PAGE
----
This small flatbed, cylinder press for braille printing, with four boxes of double-ended, braille-roman type, was likely manufactured in the late 19th century. Some of the type for the machine is marked "Allain Guillaume & Cie." The metal label on one type box reads: “Imprimerie pour aveugles / B.S.G.D.G. / systeme Ernest Vaughan / Directeur des Quinze-Vingts / Hachette & Cie. Paris.” The press is unmarked except for: “6131,” in the casting on both sides, and “CID,” stamped under the bed. The iron cylinder measures 2.26 inches in diameter. The wooden bed measures 8.25 inches by 20 inches. The overall press has a height of 10 inches, a width of 8.75 inches and a length of 20 inches.
Wooden type boxes with this press served the dual purpose of storage and chase. The lid on one side could be removed to expose the roman-letter end of the type, for composition. With that lid replaced the box could be flipped over and the lid on the other side removed, to expose the braille end for printing. Two wooden blocks fixed on the press bed held the type box firmly in place.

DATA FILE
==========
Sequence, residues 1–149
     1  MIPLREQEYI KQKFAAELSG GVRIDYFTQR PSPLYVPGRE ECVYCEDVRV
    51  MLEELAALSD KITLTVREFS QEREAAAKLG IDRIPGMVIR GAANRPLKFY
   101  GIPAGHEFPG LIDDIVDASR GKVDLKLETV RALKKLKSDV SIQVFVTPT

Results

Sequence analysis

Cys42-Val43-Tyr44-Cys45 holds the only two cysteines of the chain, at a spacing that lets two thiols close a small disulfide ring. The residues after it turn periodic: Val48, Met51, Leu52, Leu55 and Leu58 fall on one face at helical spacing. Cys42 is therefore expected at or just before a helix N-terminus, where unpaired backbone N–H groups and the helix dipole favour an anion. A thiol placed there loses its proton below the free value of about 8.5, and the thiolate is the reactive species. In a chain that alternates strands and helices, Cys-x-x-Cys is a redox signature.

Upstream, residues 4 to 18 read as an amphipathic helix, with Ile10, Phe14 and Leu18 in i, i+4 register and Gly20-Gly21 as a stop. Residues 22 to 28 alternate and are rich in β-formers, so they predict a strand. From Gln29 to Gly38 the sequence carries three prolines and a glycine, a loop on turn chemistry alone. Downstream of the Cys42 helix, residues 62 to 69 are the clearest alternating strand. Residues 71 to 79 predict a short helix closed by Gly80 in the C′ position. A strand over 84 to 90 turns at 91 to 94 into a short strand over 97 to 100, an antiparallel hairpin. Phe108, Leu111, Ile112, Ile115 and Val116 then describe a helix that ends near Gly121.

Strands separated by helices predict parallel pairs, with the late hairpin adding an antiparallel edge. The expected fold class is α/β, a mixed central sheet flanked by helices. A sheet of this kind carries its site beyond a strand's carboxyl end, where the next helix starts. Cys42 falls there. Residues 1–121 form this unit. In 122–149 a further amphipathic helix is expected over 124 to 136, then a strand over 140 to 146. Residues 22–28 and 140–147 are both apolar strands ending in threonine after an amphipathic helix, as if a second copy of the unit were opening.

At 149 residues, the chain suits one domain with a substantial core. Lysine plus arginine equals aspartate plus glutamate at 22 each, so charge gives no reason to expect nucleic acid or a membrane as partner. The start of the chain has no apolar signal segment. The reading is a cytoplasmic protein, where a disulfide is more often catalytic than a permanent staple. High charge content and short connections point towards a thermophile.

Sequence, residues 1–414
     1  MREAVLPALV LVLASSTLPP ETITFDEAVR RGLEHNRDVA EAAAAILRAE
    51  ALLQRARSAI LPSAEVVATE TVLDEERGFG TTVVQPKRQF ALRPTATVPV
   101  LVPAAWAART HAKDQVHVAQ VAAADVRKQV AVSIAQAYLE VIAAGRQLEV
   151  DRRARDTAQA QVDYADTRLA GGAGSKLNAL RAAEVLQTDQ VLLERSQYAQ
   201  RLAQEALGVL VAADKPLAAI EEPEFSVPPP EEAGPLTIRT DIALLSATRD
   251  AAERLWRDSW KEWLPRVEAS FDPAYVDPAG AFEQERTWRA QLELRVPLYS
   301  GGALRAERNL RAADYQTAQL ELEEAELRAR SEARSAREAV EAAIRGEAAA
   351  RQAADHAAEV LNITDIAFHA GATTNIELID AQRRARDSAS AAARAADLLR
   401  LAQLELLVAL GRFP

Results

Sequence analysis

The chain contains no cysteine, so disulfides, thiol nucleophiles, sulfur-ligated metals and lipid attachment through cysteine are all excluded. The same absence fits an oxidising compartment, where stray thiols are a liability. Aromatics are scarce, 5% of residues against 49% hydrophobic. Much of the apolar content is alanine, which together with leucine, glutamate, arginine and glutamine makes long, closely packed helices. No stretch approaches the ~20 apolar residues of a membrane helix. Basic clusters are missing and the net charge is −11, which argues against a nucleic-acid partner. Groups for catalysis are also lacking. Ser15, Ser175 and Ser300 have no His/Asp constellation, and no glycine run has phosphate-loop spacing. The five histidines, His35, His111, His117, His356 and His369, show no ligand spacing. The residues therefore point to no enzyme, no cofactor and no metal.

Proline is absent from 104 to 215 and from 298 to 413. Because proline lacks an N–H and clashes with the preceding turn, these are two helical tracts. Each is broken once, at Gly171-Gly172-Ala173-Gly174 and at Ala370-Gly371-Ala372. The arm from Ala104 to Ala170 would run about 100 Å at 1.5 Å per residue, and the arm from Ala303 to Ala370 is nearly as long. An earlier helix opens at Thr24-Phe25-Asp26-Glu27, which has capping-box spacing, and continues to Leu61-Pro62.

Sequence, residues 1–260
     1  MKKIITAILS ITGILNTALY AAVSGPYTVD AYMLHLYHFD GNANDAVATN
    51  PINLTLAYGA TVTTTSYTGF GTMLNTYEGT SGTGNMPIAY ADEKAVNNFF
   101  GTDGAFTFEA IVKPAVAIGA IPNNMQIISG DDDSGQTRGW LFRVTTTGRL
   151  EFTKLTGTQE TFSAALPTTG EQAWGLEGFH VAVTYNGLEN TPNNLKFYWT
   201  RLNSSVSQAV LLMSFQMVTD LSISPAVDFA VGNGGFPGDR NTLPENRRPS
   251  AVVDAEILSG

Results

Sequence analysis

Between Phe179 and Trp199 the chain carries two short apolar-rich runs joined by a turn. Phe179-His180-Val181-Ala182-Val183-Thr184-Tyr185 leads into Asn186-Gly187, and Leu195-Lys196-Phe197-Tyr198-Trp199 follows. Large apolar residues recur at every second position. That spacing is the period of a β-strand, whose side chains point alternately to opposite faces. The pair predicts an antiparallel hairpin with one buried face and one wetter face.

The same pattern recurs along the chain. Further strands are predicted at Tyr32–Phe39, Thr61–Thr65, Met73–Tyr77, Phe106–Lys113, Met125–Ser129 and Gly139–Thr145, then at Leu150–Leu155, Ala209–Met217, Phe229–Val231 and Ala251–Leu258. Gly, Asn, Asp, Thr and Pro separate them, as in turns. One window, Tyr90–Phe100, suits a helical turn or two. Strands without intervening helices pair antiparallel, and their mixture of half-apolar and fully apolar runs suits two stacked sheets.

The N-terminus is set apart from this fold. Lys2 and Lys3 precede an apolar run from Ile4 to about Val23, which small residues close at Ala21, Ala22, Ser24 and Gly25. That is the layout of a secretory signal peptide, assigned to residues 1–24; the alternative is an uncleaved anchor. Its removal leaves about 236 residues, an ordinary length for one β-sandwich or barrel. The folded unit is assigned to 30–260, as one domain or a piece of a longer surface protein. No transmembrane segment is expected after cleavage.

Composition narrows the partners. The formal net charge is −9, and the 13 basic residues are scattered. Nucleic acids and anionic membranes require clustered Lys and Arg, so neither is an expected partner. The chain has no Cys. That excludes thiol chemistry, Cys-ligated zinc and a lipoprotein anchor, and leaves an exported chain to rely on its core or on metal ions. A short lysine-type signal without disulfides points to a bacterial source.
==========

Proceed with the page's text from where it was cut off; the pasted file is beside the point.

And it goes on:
The donor was given this printing set in the 1940s by a religious organization. Parts of psalms are still set (in English) in the type boxes.
Donated by Ralph R. Hellerich, 1985.
Citation: Elizabeth Harris, "Printing Presses in the Graphic Arts Collection," 1996.
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